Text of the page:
UNC Charlotte students Riley Howell and Ellis Parlier grew up in different parts of North Carolina, each from small towns about 170 miles apart. They didn’t have much in common. Howell loved sports and being outside; Parlier dreamed of developing video games one day.
The fates of the two young men tragically intertwined this week, when a gunman opened fire on campus Tuesday evening, killing Howell and Parlier and injuring four others.
Howell, 21, was from Waynesville, outside of Asheville, and majored in environmental science, according to a memo Wednesday from UNC Charlotte Chancellor Phil Dubois. Parlier, 19, was from Midland, about 20 miles east of Charlotte, and had intended to major in computer science.
The UNC Charlotte faculty has approved degrees in memoriam for them, Dubois said in his memo addressed to students, faculty and staff.
“Some of us knew these young men as our students, our classmates, our friends, our family, our sons,” Dubois said. “For all of us, they were fellow members of Niner Nation, and we will learn and forever remember their names and their legacy.”
UNCC also said four students were injured: Rami Alramadhan, 20, of Saihat, Saudia Arabia; Sean Dehart, 20, of Apex; Emily Houpt, 23, of Charlotte; and Drew Pescaro, 19, of Apex. Dubois said he visited three victims in the hospital. He confirmed that Dehart was released Tuesday. He said his understanding was that two students would be released, but Pescaro would be kept in the hospital.
‘A big heart’
Howell, who transferred from Asheville-Buncombe Technical Community College in fall 2018, was hailed as a hero following the shooting. Charlotte-Mecklenburg Police Chief Kerr Putney told reporters at a Wednesday press conference that Howell saved lives by tackling the shooter.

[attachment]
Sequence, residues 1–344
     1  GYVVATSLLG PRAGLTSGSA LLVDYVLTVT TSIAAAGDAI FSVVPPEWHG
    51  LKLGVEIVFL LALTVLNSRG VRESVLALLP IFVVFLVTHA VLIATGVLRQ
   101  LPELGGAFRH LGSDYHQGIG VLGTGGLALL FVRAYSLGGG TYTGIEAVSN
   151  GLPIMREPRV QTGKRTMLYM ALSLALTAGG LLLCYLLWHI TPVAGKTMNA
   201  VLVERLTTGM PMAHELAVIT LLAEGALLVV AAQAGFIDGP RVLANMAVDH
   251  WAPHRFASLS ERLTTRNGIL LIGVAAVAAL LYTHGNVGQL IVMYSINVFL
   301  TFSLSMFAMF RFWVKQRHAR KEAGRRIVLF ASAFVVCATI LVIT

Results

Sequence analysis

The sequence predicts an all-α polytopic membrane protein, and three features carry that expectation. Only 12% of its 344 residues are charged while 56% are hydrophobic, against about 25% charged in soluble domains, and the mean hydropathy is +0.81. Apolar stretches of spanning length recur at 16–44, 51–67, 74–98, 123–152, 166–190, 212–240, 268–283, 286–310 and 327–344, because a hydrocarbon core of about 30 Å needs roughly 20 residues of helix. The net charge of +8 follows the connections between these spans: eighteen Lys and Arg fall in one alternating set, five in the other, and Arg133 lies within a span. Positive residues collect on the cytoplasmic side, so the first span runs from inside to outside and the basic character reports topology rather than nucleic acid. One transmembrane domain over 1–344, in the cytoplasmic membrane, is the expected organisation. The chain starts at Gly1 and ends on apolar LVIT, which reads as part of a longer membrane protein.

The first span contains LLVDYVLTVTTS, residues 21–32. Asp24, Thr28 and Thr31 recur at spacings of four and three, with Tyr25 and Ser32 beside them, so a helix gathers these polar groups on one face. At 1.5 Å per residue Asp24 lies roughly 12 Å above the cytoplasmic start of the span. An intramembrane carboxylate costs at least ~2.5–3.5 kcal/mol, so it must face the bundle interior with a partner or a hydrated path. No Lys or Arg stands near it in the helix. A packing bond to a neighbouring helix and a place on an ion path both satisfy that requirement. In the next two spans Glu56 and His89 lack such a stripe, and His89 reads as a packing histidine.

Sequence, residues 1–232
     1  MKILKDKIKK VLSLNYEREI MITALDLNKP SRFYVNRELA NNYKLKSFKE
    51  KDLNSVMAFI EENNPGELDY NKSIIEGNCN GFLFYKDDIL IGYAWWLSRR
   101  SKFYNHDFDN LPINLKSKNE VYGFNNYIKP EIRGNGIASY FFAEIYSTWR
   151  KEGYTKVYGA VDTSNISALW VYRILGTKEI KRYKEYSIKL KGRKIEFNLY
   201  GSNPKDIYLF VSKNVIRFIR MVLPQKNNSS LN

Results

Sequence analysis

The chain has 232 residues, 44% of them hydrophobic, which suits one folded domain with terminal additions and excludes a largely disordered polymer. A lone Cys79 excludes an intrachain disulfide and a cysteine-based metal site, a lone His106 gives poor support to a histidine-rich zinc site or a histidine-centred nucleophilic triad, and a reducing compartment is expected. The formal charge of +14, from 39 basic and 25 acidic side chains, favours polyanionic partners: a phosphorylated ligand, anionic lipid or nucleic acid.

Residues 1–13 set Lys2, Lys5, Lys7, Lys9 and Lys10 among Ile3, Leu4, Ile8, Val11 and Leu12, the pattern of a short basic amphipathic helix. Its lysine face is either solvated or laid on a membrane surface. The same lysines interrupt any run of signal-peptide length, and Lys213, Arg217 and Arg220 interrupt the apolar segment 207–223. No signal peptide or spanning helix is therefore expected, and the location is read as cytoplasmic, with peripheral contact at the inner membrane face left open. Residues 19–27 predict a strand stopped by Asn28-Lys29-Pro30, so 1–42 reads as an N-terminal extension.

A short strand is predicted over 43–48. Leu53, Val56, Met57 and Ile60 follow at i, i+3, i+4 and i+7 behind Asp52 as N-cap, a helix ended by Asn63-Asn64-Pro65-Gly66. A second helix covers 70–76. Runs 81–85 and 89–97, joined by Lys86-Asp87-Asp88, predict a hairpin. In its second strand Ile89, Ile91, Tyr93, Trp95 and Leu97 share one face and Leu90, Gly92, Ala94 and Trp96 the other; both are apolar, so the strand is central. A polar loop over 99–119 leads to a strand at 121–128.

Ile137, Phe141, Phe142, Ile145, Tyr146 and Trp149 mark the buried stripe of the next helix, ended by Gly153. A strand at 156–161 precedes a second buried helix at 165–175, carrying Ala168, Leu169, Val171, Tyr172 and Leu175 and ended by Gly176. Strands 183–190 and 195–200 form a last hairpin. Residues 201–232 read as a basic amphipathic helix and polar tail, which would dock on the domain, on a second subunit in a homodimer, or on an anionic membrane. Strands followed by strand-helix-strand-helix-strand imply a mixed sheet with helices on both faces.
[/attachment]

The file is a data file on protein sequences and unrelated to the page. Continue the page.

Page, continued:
That behavior jibes with the Howell remembered by Xenna Smith, a high school friend who attends N.C. State University. She described Howell as a selfless “ray of sunshine” who had a way of making everyone feel like a friend.
His family and longtime girlfriend Lauren Westmoreland were interviewed Thursday by NBC’s “Today” show and told the network they were comforted by details Putney shared of how Howell conducted himself.
“We are just beyond proud of what he was able to do,” Natalie Henry-Howell, Riley’s mother, told “Today.” “While kids were running one way, our son turned and ran towards the shooter.”
“If he was in the room when something like that was happening, and he had turned away, he wouldn’t have been able to live with himself,” she told the show.
Howell’s 14-year-old brother, Teddy, told “Today” that he has no doubt his brother acted heroically. “He put others before himself...He always has,” he said in the interview.
Howell graduated from T.C. Roberson High School in 2016, Buncombe County Schools spokeswoman Stacia Harris confirmed. His mother works at Valley Springs Middle School, she added.
Howell’s family said in a statement that he enjoyed “Star Wars,” cars, snowboarding, going to the lake and spending time with his girlfriend.
“He was always able to put others before himself and never hesitated to help anyone who needed it. He was friends with anyone and everyone — a big muscular guy with a big heart,” Howell’s family said in a statement.
In a series of statements released by the Buncombe school district Wednesday, Howell’s teachers and coaches wrote that he was cheerful and loved the outdoors.
He was “easy to love” and loved others, English teacher Tristen Plemmons wrote. She said she could still remember where Howell sat in her classroom, adding that he was full of enthusiasm for life.